No matter how experienced you are, when it comes to talking about money at work, it’s safe to say things can get a little awkward. If you’re thinking of approaching your manager about your salary, you need to ensure you’ve got a strong case to put forward, or you could be left feeling a little bit red-faced.
So, how do you negotiate a pay rise in a construction job? To point you in the right direction, we’ve compiled a list of questions that’ll help you determine whether you can justify your proposal. Once you’ve put together your responses, write your proposal out formally before handing it to your manager.
What do you think you’re worth?
Before you start asking for more money, it’s important to do your research and find out what the average wage is for your role. In an industry like construction where there are a vast number of specialist employment opportunities with varying salaries, you’ll need to ensure that the salaries you’re researching are applicable to you.
Have a look through our construction job listings to see what other companies are offering for your role, or use a salary comparison tool, such as PayScale to see how your current salary compares. This way, when asked, you’ll be able to justify a pay rise by highlighting your market value.
Do you actually deserve a pay rise?
After you’ve worked out what you think you should be earning, you need to determine whether you actually deserve it. How successful were you at your last appraisal? Do you have any new qualifications? Has your level of responsibility increased? If there’s any part of your job that’s seen you take on extra work, whether it be managing other onsite members of staff or qualifying as a Chartered Engineer, you can use this to support your case.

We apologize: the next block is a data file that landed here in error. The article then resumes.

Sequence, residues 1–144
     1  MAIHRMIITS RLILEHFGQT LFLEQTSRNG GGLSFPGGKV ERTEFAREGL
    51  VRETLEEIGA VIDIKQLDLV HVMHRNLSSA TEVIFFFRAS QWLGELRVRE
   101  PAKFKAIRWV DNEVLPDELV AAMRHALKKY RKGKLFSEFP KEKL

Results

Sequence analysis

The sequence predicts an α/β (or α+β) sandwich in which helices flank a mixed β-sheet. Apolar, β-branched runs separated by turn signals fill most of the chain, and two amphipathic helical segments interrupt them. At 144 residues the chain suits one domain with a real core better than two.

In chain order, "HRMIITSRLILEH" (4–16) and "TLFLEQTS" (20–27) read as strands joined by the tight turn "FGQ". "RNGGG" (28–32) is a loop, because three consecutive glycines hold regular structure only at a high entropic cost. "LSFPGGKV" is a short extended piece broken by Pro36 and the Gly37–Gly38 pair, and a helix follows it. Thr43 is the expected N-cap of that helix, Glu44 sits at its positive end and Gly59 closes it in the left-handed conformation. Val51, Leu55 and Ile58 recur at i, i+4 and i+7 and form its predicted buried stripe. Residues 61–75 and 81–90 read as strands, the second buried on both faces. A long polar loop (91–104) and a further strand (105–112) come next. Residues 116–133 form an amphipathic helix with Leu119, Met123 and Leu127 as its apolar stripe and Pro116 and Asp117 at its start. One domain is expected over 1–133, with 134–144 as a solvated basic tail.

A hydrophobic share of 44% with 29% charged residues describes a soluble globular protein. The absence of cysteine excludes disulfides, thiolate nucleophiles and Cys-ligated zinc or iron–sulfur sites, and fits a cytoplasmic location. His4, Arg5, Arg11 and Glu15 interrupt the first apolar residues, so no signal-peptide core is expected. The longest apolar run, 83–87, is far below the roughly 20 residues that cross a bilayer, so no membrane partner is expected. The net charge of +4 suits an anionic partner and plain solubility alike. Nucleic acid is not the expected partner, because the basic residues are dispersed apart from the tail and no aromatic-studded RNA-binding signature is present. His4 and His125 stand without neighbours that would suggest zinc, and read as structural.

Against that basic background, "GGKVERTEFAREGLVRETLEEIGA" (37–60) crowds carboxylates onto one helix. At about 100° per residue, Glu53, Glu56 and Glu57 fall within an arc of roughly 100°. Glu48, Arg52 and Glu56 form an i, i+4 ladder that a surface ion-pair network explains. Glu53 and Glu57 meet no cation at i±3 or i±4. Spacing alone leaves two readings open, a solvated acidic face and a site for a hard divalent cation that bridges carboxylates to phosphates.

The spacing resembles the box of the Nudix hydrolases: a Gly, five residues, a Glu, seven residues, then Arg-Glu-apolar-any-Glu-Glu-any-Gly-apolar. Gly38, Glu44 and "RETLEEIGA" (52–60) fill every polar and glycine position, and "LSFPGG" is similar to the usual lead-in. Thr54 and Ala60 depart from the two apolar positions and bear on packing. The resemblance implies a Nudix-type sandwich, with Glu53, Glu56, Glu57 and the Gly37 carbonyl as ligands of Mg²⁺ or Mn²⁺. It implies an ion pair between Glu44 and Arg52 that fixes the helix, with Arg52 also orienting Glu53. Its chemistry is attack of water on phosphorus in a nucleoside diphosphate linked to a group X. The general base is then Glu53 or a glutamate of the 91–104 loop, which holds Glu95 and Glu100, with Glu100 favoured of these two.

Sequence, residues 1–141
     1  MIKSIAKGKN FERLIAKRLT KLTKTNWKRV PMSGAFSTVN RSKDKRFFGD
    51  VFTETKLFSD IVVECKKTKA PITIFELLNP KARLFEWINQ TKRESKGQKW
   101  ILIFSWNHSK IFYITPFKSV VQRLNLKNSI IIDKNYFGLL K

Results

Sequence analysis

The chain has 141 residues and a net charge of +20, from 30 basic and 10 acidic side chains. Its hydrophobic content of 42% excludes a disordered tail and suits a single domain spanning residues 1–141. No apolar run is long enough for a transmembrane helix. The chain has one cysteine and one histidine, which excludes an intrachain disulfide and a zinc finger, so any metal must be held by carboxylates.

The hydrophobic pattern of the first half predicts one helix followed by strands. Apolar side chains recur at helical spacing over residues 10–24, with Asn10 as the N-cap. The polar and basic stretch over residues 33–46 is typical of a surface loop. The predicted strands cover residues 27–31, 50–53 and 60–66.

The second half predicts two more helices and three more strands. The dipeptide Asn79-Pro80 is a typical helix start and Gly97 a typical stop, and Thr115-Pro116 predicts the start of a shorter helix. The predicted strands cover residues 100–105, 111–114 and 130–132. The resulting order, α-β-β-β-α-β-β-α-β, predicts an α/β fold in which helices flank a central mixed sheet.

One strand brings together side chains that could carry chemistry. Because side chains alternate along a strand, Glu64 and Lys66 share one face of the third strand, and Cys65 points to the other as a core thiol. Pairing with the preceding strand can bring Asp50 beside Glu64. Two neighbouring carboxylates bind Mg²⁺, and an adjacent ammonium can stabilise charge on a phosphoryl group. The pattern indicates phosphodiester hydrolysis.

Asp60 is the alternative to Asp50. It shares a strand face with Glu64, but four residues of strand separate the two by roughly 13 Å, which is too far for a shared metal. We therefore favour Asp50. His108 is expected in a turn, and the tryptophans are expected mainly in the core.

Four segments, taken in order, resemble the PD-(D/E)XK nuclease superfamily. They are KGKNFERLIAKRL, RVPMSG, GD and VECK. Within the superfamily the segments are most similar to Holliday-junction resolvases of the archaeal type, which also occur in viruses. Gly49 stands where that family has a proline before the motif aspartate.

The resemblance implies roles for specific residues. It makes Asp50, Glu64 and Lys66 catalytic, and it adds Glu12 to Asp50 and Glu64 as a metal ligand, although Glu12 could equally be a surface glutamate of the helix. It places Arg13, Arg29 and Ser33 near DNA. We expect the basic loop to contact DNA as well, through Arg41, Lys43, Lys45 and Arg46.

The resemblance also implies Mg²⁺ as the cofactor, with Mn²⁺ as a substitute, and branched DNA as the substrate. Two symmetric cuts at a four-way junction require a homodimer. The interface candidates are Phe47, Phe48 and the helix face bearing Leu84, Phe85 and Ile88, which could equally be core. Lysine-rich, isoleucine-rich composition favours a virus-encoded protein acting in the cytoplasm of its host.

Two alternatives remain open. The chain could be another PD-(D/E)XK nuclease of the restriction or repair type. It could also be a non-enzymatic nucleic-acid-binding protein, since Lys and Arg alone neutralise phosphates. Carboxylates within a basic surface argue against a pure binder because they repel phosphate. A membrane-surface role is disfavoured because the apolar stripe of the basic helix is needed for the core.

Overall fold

Not sure what qualifications could help you towards a pay rise? Take a look at these 4 professional qualifications that could take your construction career to the next level.
Are you going above and beyond at work?
Although you may be working hard, you need to ensure that your hard work is being noticed. Draw upon examples of when you’ve gone the extra mile for clients or have shown dedication to your construction company. Ensure you don’t over embellish, however, as this could completely undermine your point of view. If you want a pay rise in a construction job, you need to show examples.
Would you be willing to take on more responsibility?
Being willing to take on more responsibility can often be the deal-breaker when it comes to negotiating a pay rise. If your boss doesn’t currently think your role is entitled to more pay, showing your willingness to take on a more senior position will not only demonstrate your ambitions but also show you’re aware that you may need to meet your boss halfway.
Make sure you’re fully prepared to provide a detailed answer to this question face-to-face and think about what qualities you have that make you suitable for a more senior role.
Where are you falling short?
As well as playing up your strengths, you also need to be prepared if you’re challenged on your weaknesses. If you’ve made an error in the past, be ready to show how you’ve learnt from your mistakes and how you’re working on improving your weaker areas. Highlight these areas when building on your ambitions for the future and you’ll turn that negative remark into a positive.
What if your request is rejected?
If your boss turns down your request, you need to think about what you’re going to do next ahead of time. Consider whether you’re asking for a pay rise because you believe you deserve it or as an incentive to stay in your current job. If you’re just using it as motivation to continue where you are, you may be better off searching for a new, better-paid position elsewhere.
However, if you’re prepared to stay in your current role, ask your boss what you need to do in order to move into that higher pay bracket and set goals for yourself to ensure you fulfil those targets in a realistic timeframe.
Curious to see what other roles are available with the construction industry? Browse our latest job listings to see if there’s a better position out there for you.